One day while I was walking my grocery cart to its parking lot bin, I heard a voice remark, “Sometimes you have to walk a way to do the right thing.” Another woman was commenting on the additional distance we had undertaken to deliver our carts to their rightful spot on the scorching asphalt. The words caught me by surprise because, truthfully, I had been lost in thought, unaware of her presence. After being jolted back to reality, I smiled, nodded and wandered back to my car, puzzled by the curious comment about “walking away to do the right thing.” Not until I began my journey home did I realize my mistake, which left me both amused and musing about the brief encounter.
A few months ago, I wrote about “leaving the nest”, and it appears that matters of “leaving” or “walking away” continue to populate my mind and life. Recently, some of my dearest friends called to say they were moving to Seattle, a mere 2,000 miles away. Even though they currently live 846 miles away, we have had reasons to be in the same state or the same city on occasion. Unfortunately, I have no reasons for traveling to what I call “the Great Northwest”—yet. I am working on coming up with some, as well as the required travel funds. It was either that or cry.
In the midst of absorbing the news of my friends’ upcoming departure, I’ve also been “riding herd” over my youngest son’s college admission activities. His senior year will soon commence, and our goodbyes are rapidly approaching. This time my nest will be truly empty. Strangely enough, I have another son that will be graduating from law school in the coming year, who, too, is considering a move to “parts unknown” to begin his new professional career. I suppose my current reflections may be preliminary preparations for all these pending “farewells.”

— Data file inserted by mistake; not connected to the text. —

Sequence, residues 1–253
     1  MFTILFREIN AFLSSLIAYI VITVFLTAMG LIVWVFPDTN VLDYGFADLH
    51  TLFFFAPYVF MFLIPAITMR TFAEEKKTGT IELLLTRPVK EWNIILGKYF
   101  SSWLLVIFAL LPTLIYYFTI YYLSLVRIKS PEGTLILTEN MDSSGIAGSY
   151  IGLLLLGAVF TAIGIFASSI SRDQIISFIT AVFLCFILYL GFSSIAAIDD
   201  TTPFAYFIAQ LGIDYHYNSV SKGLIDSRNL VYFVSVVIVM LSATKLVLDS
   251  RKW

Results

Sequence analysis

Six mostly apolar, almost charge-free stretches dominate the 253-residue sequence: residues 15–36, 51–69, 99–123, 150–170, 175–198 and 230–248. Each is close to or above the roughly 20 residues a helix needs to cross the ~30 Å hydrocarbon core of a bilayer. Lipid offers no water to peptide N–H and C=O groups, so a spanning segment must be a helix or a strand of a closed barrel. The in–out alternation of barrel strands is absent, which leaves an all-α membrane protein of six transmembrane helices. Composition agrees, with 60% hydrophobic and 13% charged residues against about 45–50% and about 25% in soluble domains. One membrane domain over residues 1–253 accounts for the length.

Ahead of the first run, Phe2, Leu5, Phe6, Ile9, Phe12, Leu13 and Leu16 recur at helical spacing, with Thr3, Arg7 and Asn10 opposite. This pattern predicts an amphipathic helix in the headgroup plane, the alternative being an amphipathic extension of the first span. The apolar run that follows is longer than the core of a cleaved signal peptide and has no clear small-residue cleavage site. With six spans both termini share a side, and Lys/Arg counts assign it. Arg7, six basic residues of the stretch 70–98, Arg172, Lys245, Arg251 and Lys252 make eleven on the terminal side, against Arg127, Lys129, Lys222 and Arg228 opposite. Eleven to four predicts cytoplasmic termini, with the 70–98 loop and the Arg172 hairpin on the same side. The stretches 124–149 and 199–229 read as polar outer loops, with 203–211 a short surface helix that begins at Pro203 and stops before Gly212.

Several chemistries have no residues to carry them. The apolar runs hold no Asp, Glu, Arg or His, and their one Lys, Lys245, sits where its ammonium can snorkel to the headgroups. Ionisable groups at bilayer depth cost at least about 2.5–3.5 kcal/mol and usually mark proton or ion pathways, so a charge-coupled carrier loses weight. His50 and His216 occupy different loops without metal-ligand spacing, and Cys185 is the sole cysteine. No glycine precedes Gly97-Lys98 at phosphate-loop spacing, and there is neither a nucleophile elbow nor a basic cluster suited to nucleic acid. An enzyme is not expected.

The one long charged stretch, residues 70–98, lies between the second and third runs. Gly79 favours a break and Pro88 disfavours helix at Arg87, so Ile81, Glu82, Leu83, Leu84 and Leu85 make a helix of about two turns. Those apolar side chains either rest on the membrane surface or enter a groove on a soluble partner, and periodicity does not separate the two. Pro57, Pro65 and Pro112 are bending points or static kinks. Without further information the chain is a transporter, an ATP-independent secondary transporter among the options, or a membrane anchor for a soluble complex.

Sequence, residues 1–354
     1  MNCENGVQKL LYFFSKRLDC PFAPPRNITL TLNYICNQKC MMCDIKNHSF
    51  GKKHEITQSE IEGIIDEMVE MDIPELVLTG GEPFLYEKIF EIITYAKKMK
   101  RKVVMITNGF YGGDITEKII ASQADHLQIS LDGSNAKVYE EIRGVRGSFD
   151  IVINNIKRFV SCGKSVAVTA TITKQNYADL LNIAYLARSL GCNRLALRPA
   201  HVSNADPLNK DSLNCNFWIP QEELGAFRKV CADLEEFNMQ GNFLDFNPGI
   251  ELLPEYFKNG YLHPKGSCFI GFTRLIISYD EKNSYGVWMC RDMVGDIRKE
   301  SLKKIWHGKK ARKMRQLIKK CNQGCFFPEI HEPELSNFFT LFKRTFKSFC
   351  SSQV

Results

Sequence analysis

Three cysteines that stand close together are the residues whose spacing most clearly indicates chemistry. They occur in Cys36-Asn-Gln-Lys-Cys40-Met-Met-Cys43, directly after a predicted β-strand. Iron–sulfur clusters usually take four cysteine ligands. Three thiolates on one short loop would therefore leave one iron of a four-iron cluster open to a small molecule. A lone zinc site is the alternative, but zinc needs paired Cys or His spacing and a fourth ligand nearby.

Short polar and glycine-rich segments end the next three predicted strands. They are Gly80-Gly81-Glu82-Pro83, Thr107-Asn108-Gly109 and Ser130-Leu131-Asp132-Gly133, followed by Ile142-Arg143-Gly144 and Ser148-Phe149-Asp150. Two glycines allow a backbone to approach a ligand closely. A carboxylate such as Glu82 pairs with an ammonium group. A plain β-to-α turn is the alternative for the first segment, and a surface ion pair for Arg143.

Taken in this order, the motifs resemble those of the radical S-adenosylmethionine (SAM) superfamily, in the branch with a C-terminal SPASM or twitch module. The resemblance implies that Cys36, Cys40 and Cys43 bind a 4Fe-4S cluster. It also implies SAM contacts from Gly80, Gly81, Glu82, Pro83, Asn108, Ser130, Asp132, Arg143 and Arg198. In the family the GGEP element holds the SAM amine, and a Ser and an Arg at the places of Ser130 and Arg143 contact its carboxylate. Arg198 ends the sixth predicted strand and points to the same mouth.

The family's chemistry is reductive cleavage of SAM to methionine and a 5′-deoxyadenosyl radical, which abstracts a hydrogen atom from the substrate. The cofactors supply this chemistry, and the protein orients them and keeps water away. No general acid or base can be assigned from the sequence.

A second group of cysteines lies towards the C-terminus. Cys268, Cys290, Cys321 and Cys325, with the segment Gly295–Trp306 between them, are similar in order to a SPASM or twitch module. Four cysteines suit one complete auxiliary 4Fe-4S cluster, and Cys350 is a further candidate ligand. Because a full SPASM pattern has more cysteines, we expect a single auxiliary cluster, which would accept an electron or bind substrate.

“Leaving”, “walking away”, “saying goodbye”---I believe I’m only beginning to comprehend how often and in how many ways we do this in a lifetime; and in turn, how utterly mixed the accompanying circumstances and emotions may be. Some leavings are temporary, some seemingly forever; but while each holds a certain sadness, many bring forth a feeling of joy and gratitude—joy for the opportunities afforded the loved ones, gratitude for those who have made it possible, and sometimes, as in these instances, a truer understanding of how “leavings” may form life anew.
A Postscript: A few months ago, while perusing a copy of Somerset Studio’s winter edition, I became captivated by Becky Shander’s beautiful feather canvases. Since that time, I’ve wanted to fashion some similar pieces of my own, a few gift cards utilizing some of the delicate dove feathers that fill our landscape. This post’s reflections about “taking flight” provided the perfect impetus for doing so.